Y'all know I love the Inspiration Challenge at Splitcoast Stampers, and I love its host, Audrie (A.K.A. girlgeek101). She's awesome! Inspiration challenges can and should push you outside your comfort zone, get you playing around with new and different ideas, techniques, styles. It's this play--and the attendant freedom to make mistakes--that helps us grow as creative beings.
This week's challenge definitely called me out of my comfort zone, but it was so much fun! It's called Journal Art, and the challenge is to be inspired by Audrie's Pinterest board The Art of Journaling. I wanted to share the two cards I made today (even though this means two posts in one day!) because they each taught me something about design that I can't wait to share.
First up, I tried a variation on this pin, focusing on the coffee theme and spots of brown on the page.
What works: the three splatters of brown draw the eye in a nice visual triangle and connect the card base and popped panel. Also, I was able to fit my words to the space pretty well. That's sometimes harder than you think it will be (see next card!).
What doesn't work so well: the hand-lettering of the Let's. Ugh. I tried to make it bold and different (as per the inspiration photo) but it ended up too bold and too angular, although I really like how the t seems to waver a bit like the steam over the coffee cup. It really looked bad before I stamped the splatter over it, which reduced the stark black-and-white contrast.
It's been a long time since I did hand-lettering, and that lack of practice shows. More practice, and it'll look better, but the point here is that the friend for whom I made this card will totally love it. So YAY!
The second card is much more pleasing to my eye, despite one little problem (or maybe two). Check out the inspiration pin here.
Clearly the person who journaled the inspiration photo knew what she was doing...artistically, it's simply gorgeous. My version is good but could stand improvement in one area. Well, two areas.
What works: The thick-and-thin hand-drawn border around the panel fabulously echoes the thick-and-thin outline of the shell (a Hero Arts stamp from years ago). I also love how the quotation around the edge stops in the right place, saving me from writing upside down.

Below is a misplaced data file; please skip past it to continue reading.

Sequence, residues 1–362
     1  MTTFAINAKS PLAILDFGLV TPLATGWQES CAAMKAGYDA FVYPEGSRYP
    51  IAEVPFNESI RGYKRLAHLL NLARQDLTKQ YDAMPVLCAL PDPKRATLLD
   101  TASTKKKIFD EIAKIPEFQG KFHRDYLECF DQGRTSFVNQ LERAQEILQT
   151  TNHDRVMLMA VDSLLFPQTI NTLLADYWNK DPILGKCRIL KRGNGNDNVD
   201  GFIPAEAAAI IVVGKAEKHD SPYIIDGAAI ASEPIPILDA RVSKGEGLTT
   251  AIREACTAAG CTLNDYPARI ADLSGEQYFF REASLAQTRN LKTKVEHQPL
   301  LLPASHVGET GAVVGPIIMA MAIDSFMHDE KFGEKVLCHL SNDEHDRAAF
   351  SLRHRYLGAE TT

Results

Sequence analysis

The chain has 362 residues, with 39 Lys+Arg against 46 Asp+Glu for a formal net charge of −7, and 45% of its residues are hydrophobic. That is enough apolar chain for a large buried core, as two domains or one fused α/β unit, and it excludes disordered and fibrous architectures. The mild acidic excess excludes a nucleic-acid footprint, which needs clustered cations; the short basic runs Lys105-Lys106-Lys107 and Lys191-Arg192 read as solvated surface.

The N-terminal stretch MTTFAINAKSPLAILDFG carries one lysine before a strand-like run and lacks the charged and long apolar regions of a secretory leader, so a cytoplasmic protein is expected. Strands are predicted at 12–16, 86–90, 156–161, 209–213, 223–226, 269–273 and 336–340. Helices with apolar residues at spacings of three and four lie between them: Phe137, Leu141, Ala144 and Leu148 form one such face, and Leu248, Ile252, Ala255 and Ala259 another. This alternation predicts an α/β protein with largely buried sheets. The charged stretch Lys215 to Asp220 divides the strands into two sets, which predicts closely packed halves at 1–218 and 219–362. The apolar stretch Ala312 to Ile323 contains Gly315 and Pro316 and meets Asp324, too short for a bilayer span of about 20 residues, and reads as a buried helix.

What doesn't work so well: Obviously my coloring and shading leaves a bit to be desired. Big surprise, given how often I color with Copics, and truly, that doesn't bother me. For my eye, the worst infraction is the way the right edge of the handwriting lines up too well. It needs to be more ragged, organic, natural. That would pull the eye toward the border quote better, but instead there's a grand canyon divide that bosses the eye around like a bully. "Thou shall not move easily from here to there," it seems to say. Note how the writing in the inspiration photo serves that unifying purpose? Yeah, that. I didn't do that.
Still, despite their flaws, these two cards represent stretching and experimenting...just what we should do with inspiration challenges. In the end, the flaws don't matter; it's the attempt that matters, and that's why I'm so excited to share these two cards.
Many people fear inspiration challenges and avoid them for fear of failure. Hopefully, by sharing my awkward attempts, you'll feel encouraged to give it a go. Loosen up and have fun.
After all, it's only paper!
Mercy, grace, peace, and love to you,
Supplies Coffee card
stamps: Tim Holtz Fresh Brewed, My Favorite Things Large Abstract Art
ink: Hero Arts intense black, sand
paper: Papertrey white
accessories: craft foam, glue, black Micron pens
Supplies Shell Card
stamps: Hero Arts
ink: Memento black
paper: Gina K deluxe white
accessories: Copics, craft foam, black Micron pens, glue